I perceive myself as a respectful communicator; however, I may well be the 'cause' of my wife's lack of communication of her honest feelings to, or about, me. My point is that there may be no intent to abuse the other; however, due to a lack of communication, breakdowns in trust, intimacy and simple everyday interaction suffer - recurrently.

I try not to blame my wife for not choosing to communicate her true feelings, but rather encourage her to open up and share what she is experiencing with me so I can be better aware how she feels.

As other men have written here, silence cuts both ways. Depression can lead to remaining silent and not opening up, trusting or allowing oneself to be reached. That is painful to the partner who genuinely cares for their spouse - husband or wife.

As you stated in the article and in your responses, there are many intertwined factors involved in some of these situations. They can be abusive in the classic sense; however, I believe just as often there are several underlying issues conflating which lead to a mutual loss of closeness and all that results from that situation.

April 26, 2011 - 7:44am
HERWriter (reply to Anonymous)

I would not classify not sharing honest emotions and feelings with a spouse to be emotionally abusive on their part. It is hurtful, yes. But it is often a sign of fear on her part.

And it may not be clear why. Maybe she doesn't know how to put what she's feeling into words. From a woman's perspective, sharing what you're really feeling makes you feel really vulnerable, and some of the more sensitive issues are more for "girl" friend time, not necessarily husbands. It's nothing against you, in that instance, just the way our woman psyche works.

I wouldn't say you're the cause, from what I can gather from your message, but perhaps there was a male figure in the past who wasn't as receptive to those feelings. Or, perhaps, when the feelings were shared all she got was "Well, you shouldn't feel that way. Don't be so silly." Or something to that effect.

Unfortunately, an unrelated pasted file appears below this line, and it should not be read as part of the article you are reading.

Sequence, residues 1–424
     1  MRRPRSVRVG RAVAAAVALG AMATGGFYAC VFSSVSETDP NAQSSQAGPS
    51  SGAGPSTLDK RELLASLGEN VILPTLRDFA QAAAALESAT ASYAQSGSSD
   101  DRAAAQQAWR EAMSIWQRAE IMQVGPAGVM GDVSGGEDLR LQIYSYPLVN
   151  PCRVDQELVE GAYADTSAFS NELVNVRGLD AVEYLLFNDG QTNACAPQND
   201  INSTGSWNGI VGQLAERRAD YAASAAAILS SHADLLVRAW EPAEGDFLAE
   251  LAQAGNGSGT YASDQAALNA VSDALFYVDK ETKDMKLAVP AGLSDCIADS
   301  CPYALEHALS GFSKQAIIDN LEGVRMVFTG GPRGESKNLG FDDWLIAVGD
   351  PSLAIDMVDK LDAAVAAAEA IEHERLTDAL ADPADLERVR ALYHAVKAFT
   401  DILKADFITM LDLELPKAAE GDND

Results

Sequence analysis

It's hard to tell though from this side if this is a symptom of her being depressed or just the way she's learned to function. It will take a lot of love and understanding from you to break that cycle she's fallen into. In the meantime, definitely keep the lines of communication open. Let her know that her silence worries you, and you're concerned for her, that keeping these things inside will eat away at her, and just keep reassuring her.

Many women grow up with people not believing or being interested in what they feel, and so they learn to keep things to themselves to keep them from being hurt.

If this seems to happen all the time, it may not be a bad idea to seek marriage counseling, to help you both learn to communicate better between you. Statistically speaking, the 7th-year mark is usually a pivotal point in a marriage, and the first 7 years are the toughest on a marriage because there's an adjustment period of learning to live with the other person and learning to incorporate two lives together. People don't realize before they're married how much work this entails. There is certainly no shame in asking for help. It shows that you really want this to work and are willing to do it.

In broaching the subject with her though avoid making it sound like this is her issue...but "our" issue. There is nothing "wrong" with her, or you or the marriage, but "you" want to make sure that "you're" doing things "right". For a woman who may have been betrayed in the past even such a seemingly simple thing as communicating real feelings may finally find a safe outlet. Keep reminding her that you're committed to her and to the marriage. It sounds like you love her very much, otherwise it wouldn't hurt so much that she doesn't confide in you.

If she doesn't have any "girl" friends, it would be great if you could foster that kind of interaction for her. Encourage her to go out. As I said, there are certain things that only other girls can understand, and that may also be a good source of support for her.

Hope this helps.

April 26, 2011 - 10:53am
EmpowHER Guest

nice article, but what about the man in the marriage....

this article focuses on how this impacts the woman as the victim....

does the author contend that it is only the woman within a marriage that is a victim? does not the author think a woman is capable of being the one hurting the marriage causing harm to the husband and the children? why cant the husband be the victim? I think this article needs to be revised to address the fact that ANYONE in a marriage can be a victim ....this includes the husband...and what effect this also has on the children